As boaters and outdoor enthusiasts, we diligently check weather updates before we go out, plan our days around possible stormy weather, and bring our radios and GPS systems on board to ensure a smooth trip. But no matter how prepared we are, getting out to the water and seeing an odd cloud formation can leave even the best navigator scratching his head. How do you use the clouds to your advantage, rather than let them shroud your day in uncertainty?
Get familiar with the clouds. They are the indicators of the changing sky, and might be the first to warn of an incoming storm or a rain-free day. For example, did you know that high, wispy cirrus clouds can often predict good weather—but the appearance of cirrostratus can mean a rainstorm by the end of the day?
Here’s a simple guide to knowing the different types of clouds, when they occur, and what they mean:
Cirrus (high clouds): Occur at altitudes above 18,000 feet
Alto (middle clouds): Occur at altitudes of 6,500 feet to 18,000 feet
Stratus (low clouds): Occur at altitudes below 6500 feet
These cloud groups are paired with cloud shapes:
Cumulus: Heaped or piled (an accumulation)
Stratus: Spread out or flattened
Nimbus: A rainy cloud
The prefix of a cloud group with the name of a cloud shape is used to name specific types of clouds. While it’s helpful to memorize these cloud types, as long as you can associate certain weather conditions with the look or makeup of a cloud, you should be fine.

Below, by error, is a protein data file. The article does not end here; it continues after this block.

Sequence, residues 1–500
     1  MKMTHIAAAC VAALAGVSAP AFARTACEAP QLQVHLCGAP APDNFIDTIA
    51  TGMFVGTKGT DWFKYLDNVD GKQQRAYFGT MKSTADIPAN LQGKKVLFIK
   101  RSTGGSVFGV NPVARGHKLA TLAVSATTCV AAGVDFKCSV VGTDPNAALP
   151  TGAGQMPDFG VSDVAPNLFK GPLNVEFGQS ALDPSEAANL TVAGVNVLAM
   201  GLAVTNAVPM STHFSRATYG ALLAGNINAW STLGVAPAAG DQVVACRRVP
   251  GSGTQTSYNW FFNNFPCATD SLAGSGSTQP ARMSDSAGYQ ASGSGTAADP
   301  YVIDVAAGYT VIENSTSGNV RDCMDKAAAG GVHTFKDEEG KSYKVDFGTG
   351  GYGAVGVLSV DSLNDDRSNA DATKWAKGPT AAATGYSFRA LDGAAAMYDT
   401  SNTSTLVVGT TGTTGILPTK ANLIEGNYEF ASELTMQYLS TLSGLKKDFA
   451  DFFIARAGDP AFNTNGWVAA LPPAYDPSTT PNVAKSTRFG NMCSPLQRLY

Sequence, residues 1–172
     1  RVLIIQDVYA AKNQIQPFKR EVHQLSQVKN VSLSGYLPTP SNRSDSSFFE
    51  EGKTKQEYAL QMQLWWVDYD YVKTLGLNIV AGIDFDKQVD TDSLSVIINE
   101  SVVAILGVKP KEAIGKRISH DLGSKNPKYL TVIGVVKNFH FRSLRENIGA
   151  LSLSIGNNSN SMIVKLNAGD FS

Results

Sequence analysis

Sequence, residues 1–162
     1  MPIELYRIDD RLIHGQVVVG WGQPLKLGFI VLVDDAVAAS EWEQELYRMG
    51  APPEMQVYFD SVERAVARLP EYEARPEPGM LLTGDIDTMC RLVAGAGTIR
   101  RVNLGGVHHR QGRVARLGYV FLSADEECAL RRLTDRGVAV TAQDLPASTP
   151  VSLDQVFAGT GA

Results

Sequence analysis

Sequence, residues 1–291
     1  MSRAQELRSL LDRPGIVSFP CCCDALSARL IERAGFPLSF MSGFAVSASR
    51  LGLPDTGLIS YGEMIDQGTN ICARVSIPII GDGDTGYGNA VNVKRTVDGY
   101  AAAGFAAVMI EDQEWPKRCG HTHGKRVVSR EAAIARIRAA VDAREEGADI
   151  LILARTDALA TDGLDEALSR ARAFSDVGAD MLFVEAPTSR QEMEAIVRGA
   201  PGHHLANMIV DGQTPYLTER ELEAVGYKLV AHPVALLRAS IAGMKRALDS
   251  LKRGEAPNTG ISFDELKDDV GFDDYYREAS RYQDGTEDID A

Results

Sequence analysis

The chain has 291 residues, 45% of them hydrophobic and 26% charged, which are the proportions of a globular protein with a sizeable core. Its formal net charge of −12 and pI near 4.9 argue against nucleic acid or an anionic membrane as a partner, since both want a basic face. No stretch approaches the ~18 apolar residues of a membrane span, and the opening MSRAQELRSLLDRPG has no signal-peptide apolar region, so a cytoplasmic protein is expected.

Cirrus clouds: Watch the movement of this basic cloud type to know where weather is coming from. While the presence of cirrus clouds indicates fair weather, they can also predict weather changes within the day, so keep an eye out.
Cirrostratus clouds: These are thin and cover most of the sky. Cirrostratus usually predict a rain or snow storm within 12 to 24 hours.
Cirrocumulus clouds: Can be white or gray and are often seen in winter; they usually indicate fair, cold weather. If you’re in the tropics, they may signify a coming hurricane—but in this case you’ll have plenty of warning beforehand should a hurricane spoil your plans!
Altostratus clouds: Cover the sky (and makes the sun or moon appear hazy), usually precede rain or snow storms.
Altocumulus clouds: Fluffy, gray to white clouds with some parts darker than others; when seen in the morning (especially paired with heat and humidity), expect thunderstorms in the afternoon.
Stratus clouds: Gray, low-hanging clouds that cover a large area, and are often associated with light rain; they can form into storm-making nimbostratus.
Stratocumulus clouds: Gray and lumpy clouds that often form in “rows” against a blue sky. They don’t typically bring precipitation, but when part of a frontal system they may turn to nimbostratus.
Nimbostratus clouds: Dark, low clouds that give way to rain showers.
Cumulus clouds: Form vertically—on their own, they indicate fair weather. But throughout the day, as heat begins to rise, cumulus clouds continue to develop and form storm-producing cumulonimbus.
Cumulonimbus clouds: Have an “anvil” top and are stacked high in the sky; this type of cloud can produce strong thunderstorms, while the anvil points toward the direction the storm is moving.